State proposal lays scenario for cross-state water diversion
The state water plan officials will offer to Gov. John Hickenlooper won’t identify a specific transmountain diversion, but will lay out the conditions under which one could be pursued, officials said Tuesday.
The development came out of a meeting of the Interbasin Compact Committee on Tuesday, said Jim Pokrandt, who serves on the committee and heads the Colorado River Basin roundtable.
While no transmountain diversion will be called out in the document, “there will be a lot of discussion about how to discuss that in the future,” Pokrandt said.
West Slope water officials have worried aloud that talk of a statewide water plan was simply camouflage for a diversion of water from the less populous west to the more populous east side.
To be sure, said Mesa County Commissioner Steve Acquafresca, one of the West Slope officials who has been most vocal about the plan, the lack of a project “provides a little temporary relief at best, but how can we put a transmountain diversion into the statewide water plan when nobody has a proposal?”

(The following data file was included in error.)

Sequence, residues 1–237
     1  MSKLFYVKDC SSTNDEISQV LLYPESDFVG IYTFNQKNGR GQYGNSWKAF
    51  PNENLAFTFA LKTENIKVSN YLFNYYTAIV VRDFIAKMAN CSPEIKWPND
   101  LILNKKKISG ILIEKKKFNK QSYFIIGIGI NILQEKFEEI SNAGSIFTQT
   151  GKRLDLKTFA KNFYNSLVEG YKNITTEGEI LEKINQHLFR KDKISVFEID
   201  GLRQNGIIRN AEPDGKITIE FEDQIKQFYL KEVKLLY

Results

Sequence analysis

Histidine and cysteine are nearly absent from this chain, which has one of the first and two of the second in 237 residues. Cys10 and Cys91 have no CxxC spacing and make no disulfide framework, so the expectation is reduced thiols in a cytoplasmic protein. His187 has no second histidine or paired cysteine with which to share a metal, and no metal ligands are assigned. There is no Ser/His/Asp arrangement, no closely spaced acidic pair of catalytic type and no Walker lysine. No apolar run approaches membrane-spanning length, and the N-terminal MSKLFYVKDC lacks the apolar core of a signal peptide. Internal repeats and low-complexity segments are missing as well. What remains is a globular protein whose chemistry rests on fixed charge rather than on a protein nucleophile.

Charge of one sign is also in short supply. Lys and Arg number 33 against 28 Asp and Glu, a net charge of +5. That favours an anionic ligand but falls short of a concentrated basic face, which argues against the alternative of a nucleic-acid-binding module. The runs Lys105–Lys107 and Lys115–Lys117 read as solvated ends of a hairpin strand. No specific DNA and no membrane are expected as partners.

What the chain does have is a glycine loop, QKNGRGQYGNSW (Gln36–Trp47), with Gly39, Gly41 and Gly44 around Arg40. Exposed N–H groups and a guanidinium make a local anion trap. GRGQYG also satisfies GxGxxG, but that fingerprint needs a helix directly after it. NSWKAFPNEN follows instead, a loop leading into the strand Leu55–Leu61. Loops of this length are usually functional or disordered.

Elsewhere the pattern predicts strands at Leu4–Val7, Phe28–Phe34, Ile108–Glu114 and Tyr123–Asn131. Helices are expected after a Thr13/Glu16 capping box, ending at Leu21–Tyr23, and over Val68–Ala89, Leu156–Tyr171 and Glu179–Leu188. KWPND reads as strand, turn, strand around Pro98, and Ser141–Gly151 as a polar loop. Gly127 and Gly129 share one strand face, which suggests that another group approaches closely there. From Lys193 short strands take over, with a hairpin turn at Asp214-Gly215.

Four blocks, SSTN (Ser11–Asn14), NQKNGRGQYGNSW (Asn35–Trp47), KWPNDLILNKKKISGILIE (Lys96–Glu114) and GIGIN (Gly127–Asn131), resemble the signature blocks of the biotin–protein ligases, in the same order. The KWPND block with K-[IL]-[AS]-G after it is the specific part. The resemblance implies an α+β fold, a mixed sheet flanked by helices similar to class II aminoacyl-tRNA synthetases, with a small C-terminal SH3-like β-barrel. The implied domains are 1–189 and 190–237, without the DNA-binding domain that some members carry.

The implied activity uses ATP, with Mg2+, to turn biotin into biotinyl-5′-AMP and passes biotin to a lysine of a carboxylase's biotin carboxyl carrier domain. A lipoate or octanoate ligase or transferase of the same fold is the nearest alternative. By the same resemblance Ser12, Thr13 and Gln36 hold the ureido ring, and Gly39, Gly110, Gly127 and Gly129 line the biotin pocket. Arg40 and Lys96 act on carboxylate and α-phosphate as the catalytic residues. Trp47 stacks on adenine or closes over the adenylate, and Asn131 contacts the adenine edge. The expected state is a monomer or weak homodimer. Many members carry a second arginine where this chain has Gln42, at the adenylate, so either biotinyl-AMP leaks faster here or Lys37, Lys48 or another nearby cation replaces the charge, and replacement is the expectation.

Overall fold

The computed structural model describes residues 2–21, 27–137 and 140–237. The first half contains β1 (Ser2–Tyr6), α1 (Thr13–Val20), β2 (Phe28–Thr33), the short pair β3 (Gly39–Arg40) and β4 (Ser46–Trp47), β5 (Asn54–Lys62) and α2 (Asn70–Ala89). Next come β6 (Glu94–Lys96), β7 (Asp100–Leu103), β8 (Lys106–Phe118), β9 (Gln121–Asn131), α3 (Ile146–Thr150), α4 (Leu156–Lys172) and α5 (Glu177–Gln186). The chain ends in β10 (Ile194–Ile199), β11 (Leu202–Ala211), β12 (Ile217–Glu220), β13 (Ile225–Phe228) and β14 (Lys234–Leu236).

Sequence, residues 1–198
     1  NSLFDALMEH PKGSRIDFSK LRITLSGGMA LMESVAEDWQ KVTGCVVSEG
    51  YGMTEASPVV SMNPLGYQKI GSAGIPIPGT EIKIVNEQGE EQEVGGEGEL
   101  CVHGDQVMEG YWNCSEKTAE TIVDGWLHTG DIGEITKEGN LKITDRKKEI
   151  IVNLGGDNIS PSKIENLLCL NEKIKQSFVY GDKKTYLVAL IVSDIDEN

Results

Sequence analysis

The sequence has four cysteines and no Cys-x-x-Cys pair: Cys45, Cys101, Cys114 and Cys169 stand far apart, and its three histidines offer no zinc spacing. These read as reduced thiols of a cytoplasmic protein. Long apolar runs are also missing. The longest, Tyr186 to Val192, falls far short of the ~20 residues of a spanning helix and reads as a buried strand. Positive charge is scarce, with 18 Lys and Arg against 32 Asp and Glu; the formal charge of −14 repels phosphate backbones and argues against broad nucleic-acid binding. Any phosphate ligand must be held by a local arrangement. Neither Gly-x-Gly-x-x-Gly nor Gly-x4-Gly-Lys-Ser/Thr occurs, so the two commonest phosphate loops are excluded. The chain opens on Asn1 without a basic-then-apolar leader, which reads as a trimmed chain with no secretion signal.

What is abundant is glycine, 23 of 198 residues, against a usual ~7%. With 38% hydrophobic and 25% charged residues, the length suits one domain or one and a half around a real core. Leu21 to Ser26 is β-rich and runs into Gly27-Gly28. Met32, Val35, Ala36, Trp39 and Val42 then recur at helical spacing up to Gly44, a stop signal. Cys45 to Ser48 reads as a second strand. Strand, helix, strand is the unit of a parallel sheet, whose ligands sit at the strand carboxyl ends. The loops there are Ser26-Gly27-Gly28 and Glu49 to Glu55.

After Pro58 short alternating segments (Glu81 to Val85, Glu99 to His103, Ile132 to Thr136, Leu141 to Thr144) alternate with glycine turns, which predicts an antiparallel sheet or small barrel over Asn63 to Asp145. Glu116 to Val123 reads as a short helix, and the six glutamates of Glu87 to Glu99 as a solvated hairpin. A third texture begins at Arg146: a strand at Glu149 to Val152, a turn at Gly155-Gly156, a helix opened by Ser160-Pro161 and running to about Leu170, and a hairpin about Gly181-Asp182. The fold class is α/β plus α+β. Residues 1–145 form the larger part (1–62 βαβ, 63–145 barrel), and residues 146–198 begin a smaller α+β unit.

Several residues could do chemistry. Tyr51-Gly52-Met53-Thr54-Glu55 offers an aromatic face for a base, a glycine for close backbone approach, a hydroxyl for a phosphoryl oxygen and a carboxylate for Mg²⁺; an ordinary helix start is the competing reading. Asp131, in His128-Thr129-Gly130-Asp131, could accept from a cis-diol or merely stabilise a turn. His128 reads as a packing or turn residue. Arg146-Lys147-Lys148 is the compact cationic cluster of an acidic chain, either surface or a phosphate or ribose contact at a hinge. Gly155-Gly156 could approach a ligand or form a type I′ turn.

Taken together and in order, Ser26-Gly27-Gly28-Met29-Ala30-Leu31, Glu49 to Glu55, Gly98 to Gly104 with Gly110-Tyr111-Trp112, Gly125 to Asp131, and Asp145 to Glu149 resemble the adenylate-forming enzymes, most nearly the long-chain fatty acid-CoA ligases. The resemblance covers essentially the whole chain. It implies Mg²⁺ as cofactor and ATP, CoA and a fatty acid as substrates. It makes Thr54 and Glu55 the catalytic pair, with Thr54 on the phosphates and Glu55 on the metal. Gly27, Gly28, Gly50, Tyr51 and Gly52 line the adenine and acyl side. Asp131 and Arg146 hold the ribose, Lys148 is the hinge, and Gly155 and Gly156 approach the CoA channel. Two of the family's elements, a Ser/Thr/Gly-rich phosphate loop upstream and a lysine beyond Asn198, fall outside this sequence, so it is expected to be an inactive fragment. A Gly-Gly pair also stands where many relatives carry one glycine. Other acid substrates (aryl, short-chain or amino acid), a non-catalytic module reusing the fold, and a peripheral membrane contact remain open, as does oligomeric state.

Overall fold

Water officials have taken a new approach to finding water for the growing cities east of the Continental Divide, Acquafresca said.
“What the Front Range entities seem to be pushing for is this bizarre concept of a ‘reserved transmountain diversion,’ ” a term that begs to be defined, Acquafresca said.
Any discussion of a transmountain diversion has to take into account whether a diverter has rights to the water and can obtain the permits and clearances, Acquafresca said.
“Those are mighty big hurdles to overcome,” Acquafresca said.
Individual basin roundtables will now take up questions about their own water needs and related matters, Pokrandt said.
The pressure is on to come up with a draft plan in July, a process that is forcing water officials to come to terms with their needs, Pokrandt said.
“It’s not going to be perfect, but the whole water plan is not going to be perfect,” Pokrandt said.